A genital-herpes outbreak during the third trimester of pregnancy or delivery can be deadly for the baby if they contract it from the person giving birth (called neonatal herpes). However, this is a very rare occurrence, happening with about one per 3000 to 20,000 births. It can also be preventable with the proper medication and a C-section ( 

Why Is Herpes So Stigmatized?

Herpes is stigmatized because HSV-1 and HSV-2 are sexually transmitted infections (STIs). There seems to be a stigma to any STI, no matter which kind.

This stigma has been prevalent throughout many different eras. Historically, some of the names people used for sexually transmitted infections show where the stigma comes from. For example, people referred to syphilis with names like “the French fever” or “the Chinese disease.” These names labeled and shamed whole categories of people. More recently, from the 1950s onward, there’s been much stigmatization of sexually transmitted infections, especially when it comes to HIV. 

Another reason that herpes itself is so stigmatized could be because it is incurable. Even though there are effective medications to treat the outbreak and prevent shedding, which reduces the chances of passing it on to your partner, many people still get hung up on the fact that you can never fully get rid of the virus.

Who Is Directly Responsible for the Stigma?

Until the 1970s, there was no stigma associated with genital herpes at all. The stigma was actually created by a pharmaceutical company to sell their newly developed antiviral medication.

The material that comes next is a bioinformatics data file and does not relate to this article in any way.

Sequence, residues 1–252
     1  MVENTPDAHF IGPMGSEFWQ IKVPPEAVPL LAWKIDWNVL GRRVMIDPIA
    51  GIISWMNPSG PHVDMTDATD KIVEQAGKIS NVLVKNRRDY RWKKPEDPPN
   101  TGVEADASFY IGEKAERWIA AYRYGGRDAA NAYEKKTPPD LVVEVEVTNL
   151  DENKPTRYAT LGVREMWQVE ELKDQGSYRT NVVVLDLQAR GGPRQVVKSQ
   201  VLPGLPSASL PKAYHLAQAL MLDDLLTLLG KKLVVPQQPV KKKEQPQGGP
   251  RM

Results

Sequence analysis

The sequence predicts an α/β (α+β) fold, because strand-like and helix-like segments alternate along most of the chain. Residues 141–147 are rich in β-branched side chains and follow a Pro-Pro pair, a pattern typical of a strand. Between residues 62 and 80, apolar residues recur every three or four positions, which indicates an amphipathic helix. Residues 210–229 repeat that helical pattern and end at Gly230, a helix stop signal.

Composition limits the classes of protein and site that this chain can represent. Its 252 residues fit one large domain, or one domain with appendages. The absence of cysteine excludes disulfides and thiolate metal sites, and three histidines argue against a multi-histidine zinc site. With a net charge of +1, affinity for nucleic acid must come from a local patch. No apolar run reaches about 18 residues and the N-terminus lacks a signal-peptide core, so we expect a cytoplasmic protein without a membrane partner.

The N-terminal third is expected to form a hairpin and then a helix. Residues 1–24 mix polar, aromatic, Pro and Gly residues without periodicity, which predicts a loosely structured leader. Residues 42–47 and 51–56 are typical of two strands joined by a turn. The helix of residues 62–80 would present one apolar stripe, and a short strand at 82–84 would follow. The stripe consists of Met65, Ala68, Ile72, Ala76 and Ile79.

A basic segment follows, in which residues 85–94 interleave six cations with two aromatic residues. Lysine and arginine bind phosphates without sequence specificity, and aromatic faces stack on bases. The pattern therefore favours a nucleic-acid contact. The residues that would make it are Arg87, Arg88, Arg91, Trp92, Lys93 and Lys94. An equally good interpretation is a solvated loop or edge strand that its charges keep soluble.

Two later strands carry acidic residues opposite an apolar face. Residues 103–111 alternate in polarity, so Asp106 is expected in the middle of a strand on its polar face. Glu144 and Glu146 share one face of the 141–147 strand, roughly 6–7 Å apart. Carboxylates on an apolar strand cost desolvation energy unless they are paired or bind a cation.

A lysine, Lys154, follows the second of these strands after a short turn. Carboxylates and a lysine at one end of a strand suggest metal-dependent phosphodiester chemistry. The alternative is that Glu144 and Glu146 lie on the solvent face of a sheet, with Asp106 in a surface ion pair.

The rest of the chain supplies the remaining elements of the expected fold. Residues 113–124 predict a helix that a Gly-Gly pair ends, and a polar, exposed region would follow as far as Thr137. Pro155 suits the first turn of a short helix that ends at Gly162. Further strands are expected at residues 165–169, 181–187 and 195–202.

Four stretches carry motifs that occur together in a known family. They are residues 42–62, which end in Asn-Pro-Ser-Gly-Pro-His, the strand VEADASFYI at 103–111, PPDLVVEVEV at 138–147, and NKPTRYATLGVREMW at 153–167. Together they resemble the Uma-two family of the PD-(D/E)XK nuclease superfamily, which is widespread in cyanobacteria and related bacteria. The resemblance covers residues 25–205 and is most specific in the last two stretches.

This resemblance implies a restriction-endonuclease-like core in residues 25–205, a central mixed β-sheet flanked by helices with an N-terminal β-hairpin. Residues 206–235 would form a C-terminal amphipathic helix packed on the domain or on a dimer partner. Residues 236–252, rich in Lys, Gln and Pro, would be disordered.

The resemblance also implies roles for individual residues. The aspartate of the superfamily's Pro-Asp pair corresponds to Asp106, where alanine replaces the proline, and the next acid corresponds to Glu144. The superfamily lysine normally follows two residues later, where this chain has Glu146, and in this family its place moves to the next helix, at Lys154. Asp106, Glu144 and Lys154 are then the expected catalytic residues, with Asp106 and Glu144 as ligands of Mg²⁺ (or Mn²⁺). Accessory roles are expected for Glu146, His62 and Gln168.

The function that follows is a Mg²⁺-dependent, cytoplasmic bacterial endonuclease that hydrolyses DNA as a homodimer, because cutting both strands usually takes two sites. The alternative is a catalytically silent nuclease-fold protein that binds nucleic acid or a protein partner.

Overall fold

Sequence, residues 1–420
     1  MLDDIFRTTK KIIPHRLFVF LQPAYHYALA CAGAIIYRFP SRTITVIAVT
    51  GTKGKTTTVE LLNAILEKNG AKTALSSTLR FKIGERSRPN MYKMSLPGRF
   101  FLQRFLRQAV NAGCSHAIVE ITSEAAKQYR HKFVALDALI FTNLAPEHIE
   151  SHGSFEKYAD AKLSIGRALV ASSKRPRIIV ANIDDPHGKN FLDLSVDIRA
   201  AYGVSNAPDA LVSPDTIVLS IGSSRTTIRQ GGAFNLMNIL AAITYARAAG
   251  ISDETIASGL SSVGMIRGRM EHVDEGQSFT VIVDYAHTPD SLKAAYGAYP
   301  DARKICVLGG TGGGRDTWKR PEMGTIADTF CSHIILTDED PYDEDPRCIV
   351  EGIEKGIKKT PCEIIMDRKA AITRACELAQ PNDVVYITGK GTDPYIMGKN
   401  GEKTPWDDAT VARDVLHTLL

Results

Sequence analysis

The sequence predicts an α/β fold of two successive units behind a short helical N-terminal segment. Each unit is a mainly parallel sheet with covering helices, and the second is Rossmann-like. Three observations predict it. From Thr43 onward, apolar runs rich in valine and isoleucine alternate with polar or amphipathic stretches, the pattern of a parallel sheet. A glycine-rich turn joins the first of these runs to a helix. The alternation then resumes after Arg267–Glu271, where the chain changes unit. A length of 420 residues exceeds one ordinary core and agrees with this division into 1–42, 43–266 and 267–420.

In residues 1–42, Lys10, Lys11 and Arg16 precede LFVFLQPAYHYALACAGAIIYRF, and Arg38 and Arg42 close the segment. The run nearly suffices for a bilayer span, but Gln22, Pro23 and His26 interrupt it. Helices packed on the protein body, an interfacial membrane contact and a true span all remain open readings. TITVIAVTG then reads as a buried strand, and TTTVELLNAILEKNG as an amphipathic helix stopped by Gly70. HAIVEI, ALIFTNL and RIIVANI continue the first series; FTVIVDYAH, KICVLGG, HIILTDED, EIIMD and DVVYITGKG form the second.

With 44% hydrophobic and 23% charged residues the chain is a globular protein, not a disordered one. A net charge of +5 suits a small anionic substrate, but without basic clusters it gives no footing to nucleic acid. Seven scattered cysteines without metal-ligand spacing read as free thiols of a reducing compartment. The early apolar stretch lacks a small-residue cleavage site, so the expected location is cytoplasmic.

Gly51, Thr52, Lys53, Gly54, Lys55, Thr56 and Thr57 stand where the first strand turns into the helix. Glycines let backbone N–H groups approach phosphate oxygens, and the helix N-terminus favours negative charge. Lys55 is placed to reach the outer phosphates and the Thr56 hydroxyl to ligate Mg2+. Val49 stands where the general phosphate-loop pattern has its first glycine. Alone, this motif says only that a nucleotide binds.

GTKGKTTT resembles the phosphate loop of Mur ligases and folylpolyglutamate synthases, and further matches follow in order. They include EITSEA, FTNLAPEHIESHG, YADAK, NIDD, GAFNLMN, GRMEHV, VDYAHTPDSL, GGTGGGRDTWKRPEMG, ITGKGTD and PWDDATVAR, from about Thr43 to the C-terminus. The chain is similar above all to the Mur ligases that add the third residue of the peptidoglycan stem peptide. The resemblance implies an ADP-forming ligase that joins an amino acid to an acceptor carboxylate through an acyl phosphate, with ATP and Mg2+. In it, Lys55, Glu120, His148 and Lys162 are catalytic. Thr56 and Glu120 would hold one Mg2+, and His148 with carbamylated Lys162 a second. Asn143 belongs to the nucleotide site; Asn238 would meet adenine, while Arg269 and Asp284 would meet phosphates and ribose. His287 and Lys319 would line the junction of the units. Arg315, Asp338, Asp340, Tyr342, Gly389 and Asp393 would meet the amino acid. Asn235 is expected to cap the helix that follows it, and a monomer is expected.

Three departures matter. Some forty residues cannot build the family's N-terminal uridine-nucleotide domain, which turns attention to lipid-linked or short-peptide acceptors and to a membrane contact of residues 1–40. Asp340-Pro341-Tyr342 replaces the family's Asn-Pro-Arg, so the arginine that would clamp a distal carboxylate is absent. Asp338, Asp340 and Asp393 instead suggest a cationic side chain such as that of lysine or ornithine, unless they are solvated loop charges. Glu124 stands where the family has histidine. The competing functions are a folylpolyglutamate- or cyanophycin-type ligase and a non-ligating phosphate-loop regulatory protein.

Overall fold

Here is some info From Project Accept:

The stigma is a relatively recent phenomenon and directly results from Burroughs Wellcome’s Zovirax pharmaceutical marketing campaign in the late 1970s through the mid-1980s.

The Burroughs Wellcome advertising campaign aimed to stimulate demand for Zovirax by creating patients’ concerns about any social consequences and implications of contracting the infection. It then went on to say that the drug could reduce outbreaks and transmission.

Then, a 1982 TIME cover article said herpes was “the new scarlet letter” and viewed it as a consequence of “the new sexual revolution.” As a result, it created shame around herpes.

As a result, people are still grappling with the adverse effects of this stigma today. People who have herpes can experience anxiety and depression after diagnosis. Those feelings can be even worse for people who contracted it during a sexual assault or if their partner cheated on them.

When we reinforce this shame and stigma, nothing is being done to minimize the spreading of STIs. In fact, it is more likely they will spread the infection because people will be too ashamed to get tested or tell someone about the diagnosis for fear of rejection.

In Summary

There is no shame in having genital herpes, no matter how it was contracted. Consider this thought from Sarit Luban:

“If we accept one iteration of body shaming, how can we authentically resist it in its other forms? Consciously affirming the intrinsic value of all bodies – regardless of status – can break the cycle of STI-positive erasure, marginalization, and reticence that preserve the status quo.”

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Agata Slezak, Clinical Psychologist, Heilpraktiker (Psychotherapie), Sexologist, Berlin, DE